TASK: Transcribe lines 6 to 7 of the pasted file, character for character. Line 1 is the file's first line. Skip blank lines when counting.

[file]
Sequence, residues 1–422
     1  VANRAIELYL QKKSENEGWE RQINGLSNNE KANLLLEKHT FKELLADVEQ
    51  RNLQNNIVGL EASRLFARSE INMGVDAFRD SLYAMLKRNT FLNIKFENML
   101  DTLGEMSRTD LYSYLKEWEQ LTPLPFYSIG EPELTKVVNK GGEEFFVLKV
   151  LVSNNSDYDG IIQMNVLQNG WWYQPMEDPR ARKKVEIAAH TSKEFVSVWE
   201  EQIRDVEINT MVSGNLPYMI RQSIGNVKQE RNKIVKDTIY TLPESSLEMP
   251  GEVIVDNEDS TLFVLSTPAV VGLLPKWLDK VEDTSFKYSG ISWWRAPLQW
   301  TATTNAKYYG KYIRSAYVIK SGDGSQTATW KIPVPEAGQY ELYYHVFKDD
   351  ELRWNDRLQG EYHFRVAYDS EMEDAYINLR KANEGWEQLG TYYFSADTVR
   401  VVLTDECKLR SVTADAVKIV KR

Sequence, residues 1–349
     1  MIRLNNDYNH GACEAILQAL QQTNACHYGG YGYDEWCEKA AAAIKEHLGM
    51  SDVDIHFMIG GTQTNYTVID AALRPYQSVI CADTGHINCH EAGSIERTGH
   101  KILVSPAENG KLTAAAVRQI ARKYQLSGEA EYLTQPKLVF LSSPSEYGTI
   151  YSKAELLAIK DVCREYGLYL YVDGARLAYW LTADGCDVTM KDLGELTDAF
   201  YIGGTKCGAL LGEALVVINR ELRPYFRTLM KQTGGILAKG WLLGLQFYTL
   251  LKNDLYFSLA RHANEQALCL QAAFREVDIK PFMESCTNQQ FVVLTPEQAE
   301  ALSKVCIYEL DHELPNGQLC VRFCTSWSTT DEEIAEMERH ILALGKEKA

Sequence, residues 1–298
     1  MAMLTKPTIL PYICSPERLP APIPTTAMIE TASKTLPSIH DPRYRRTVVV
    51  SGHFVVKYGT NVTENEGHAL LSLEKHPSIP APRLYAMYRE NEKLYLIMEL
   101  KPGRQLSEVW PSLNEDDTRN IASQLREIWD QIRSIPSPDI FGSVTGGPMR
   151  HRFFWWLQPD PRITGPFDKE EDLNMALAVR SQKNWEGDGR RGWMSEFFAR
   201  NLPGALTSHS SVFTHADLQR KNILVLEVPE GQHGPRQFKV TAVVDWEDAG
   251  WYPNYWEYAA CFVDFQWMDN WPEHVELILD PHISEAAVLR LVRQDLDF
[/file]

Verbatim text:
   201  EQIRDVEINT MVSGNLPYMI RQSIGNVKQE RNKIVKDTIY TLPESSLEMP
   251  GEVIVDNEDS TLFVLSTPAV VGLLPKWLDK VEDTSFKYSG ISWWRAPLQW